The novelists' hyperbole is unintentionally funnyby Zoe Apostolides / November 13, 2019 / Leave a comment
Few contemporary novelists are as divisive as Rachel Cusk, and yet her recently completed Outline trilogy garnered a deservedly positive critical response. The essays in this collection, though, are a disappointment. Coventryis split into three categories: the first contains reflections on motherhood, domesticity and creativity; the second and third provide broader comment on novelists.
The analyses of DH Lawrence, Edith Wharton and Kazuo Ishiguro seem rushed; there is a convoluted and ultimately unsatisfying piece about the life of Francis of Assisi and Cusk’s offerings on female authors like Natalia Ginzburg and Françoise Sagan appear to say a great deal while revealing nothing much at all.
The title essay focuses on the silent treatment Cusk often experiences at the hands of her parents. It begins with promise, but digresses into inconsequential lamentations that she has never seen “Stanley Spencer’s paintings in the chapel at Burghclere in Hampshire” or “visited Henry Moore’s house in Much Hadham.”
Many of Cusk’s ideas—in “On Rudeness,” for example, especially in the wake of political mud-slinging over Brexit—are exciting and truthful. Too often, though, they are so heavily cloaked in allegory and metaphor that the punches fail to land—in the same essay there is a confusing jumble of reflections on Jesus’s politeness at his execution, and Sophocles’ Philoctetes.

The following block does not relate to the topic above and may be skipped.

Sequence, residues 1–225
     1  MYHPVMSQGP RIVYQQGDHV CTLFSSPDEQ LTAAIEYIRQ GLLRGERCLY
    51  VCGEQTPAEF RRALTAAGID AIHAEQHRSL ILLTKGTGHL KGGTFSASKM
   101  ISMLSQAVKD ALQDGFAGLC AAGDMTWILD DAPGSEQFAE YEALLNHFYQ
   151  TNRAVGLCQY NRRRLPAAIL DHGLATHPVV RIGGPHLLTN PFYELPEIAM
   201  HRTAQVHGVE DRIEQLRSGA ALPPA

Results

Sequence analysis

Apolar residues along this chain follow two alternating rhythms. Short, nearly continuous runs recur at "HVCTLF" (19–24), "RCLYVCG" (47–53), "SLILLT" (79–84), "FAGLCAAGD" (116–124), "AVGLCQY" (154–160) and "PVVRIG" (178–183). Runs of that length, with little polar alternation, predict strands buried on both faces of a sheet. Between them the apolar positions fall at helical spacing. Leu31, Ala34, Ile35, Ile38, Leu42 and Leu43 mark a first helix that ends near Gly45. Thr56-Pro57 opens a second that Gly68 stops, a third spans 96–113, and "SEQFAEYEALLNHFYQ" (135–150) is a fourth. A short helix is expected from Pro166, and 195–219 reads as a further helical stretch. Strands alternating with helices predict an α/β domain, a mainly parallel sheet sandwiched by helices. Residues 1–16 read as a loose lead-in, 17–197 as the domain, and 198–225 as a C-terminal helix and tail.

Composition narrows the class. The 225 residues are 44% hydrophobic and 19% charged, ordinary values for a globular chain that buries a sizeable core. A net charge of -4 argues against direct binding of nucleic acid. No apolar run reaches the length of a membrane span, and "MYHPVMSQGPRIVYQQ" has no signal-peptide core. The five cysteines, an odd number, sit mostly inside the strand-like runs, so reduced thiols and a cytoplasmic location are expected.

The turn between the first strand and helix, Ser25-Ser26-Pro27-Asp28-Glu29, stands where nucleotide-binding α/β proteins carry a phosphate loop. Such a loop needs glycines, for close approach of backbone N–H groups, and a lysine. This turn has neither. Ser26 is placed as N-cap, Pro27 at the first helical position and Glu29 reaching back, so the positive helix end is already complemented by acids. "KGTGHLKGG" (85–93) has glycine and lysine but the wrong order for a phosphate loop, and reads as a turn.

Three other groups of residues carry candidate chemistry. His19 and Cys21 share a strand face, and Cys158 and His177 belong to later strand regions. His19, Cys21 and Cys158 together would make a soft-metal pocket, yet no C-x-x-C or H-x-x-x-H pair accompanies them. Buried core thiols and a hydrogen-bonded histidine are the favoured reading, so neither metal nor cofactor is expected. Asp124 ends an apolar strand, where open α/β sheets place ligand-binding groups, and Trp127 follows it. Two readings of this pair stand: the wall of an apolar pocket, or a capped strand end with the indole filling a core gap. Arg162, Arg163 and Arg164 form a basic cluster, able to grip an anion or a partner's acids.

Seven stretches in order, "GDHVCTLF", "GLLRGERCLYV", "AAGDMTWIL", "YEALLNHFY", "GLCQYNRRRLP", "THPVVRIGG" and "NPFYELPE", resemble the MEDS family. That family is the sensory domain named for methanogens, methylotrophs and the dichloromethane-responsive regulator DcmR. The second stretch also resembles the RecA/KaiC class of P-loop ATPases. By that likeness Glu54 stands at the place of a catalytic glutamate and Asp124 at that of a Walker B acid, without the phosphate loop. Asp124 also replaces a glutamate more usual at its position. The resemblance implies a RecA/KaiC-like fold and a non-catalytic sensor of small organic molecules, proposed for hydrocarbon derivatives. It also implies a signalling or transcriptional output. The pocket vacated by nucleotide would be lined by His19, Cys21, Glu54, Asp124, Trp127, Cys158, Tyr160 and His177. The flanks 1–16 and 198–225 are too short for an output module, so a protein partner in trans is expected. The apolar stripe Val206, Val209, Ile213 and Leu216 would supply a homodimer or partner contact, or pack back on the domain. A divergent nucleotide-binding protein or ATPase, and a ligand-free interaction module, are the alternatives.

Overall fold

The hyperbole is unintentionally funny. It is hard to take much else seriously in “Making Home,” when it opens with Cusk’s being “driven to what appeared to be the brink of mental and physical collapse by… the complete remodelling of our London flat.”
She vows to become “more polite,” and yet seems most bent on using her writing as an opportunity to skewer friends and family, often using their physical appearance, and revelling in a defensive misanthropy that detracts from anything of worth the essays might offer.
Coventry by Rachel Cusk (Faber & Faber, £14.99)